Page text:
For our species distribution model we adopted an ensemble modelling process using the biomod2 package. Using this package we were able to apply a number of algorithms to our data, evaluate the output of each algorithm, remove under-performing algorithms, and combine the outputs of individual algorithms into a weighted mean species distribution model based on the performance of individual algorithms (Grenouillet et al., Reference Grenouillet, Buisson, Casajus and Lek2011; Thuiller et al., Reference Thuiller, Georges and Engler2013). The initial suite of algorithms tested was composed of generalized linear model, generalized boosted model, generalized additive model, classification tree analyses, artificial neural network, surface range envelope, flexible discriminant analysis, multiple adaptive regression splines, random forest, MAXENT.Phillips and MAXENT.Tsuruoka (Thuiller et al., Reference Thuiller, Georges and Engler2016).
We undertook this process twice. Firstly, we used bioclimatic data alone to model how predicted climate change would affect the population distribution of this species (Hijmans & Graham, Reference Hijmans and Graham2006; Booth et al., Reference Booth, Nix, Busby and Hutchinson2014). We then repeated the process using landscape variables alone. We could thus examine the contribution of those variables that help define habitat but would not, unlike bioclimatic variables, change dramatically over the modelled period. This provided a reference distribution, which, through comparison with the bioclimatic species distribution models, would provide us with a better understanding of how predicted climate change scenarios would affect the distribution of the western ground parrot.
Models were run for 100 iterations. In running all ensemble models, a random 30% of presences were used to calibrate the model and 70% of presences were withheld for testing. In the modelling process presences become binary; i.e. if any presences have occurred within a c. 1 km2 pixel, that pixel is considered to be a single presence regardless of the number of presences that may have occurred within that pixel. This reduced our original c. 20,000 records to 404 presences for the modelling process.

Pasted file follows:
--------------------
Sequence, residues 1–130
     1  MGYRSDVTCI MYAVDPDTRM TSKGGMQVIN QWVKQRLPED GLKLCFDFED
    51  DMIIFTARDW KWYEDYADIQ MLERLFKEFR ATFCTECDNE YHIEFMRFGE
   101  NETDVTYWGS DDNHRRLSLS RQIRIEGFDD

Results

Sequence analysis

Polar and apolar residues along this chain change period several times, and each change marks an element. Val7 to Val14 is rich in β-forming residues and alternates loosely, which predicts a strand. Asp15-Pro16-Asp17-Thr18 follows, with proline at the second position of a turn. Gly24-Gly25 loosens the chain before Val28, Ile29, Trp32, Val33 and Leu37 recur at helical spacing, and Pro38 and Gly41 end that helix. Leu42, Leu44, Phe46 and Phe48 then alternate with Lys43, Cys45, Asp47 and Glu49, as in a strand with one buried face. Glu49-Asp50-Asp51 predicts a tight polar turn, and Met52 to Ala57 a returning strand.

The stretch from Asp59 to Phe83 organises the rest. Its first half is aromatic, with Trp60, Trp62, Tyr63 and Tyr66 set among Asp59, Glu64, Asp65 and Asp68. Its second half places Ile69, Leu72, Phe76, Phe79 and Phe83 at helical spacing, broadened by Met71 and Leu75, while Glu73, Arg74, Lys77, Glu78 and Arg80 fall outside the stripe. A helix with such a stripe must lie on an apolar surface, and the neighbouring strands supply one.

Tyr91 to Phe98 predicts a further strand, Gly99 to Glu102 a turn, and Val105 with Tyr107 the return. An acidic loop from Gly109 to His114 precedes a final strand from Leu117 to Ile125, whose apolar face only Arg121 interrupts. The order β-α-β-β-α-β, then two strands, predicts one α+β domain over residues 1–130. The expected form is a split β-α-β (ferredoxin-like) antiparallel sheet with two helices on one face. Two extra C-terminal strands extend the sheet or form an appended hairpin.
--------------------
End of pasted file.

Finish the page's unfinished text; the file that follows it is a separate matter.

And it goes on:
All outputs of all algorithms were evaluated with the true skill statistic (Allouche et al., Reference Allouche, Tsoar and Kadmon2006) and AUC. A weighting was given to each algorithm, based on AUC performance, and all model outputs were combined to produce a weighted mean species distribution model, which we used as our biomod2 output for both the bioclimatic and non-bioclimatic models. We note that AUC values can be problematic and that there is no golden rule to follow in their application (Lobo et al., Reference Lobo, Jiménez-Valverde and Real2008). However, during the course of this exercise we found this to be a consistent and effective metric.
To compensate for a lack of true absences, and possible restricted sample bias (Phillips, Reference Phillips2008), pseudo-absences were generated and used in all runs of all models. These took the form of 10,000 points selected randomly across the study area (Barbet-Massin et al., Reference Barbet-Massin, Jiguet, Albert and Thuiller2012). These were created with the biomod2 pseudo-absence function (Thuiller et al., Reference Thuiller, Georges and Engler2013). This approach has been shown to be an effective method of minimizing the restricted sample bias (Fourcade et al., Reference Fourcade, Engler, Rödder and Secondi2014), particularly when, as in this case, AUC values are used as the evaluation metric.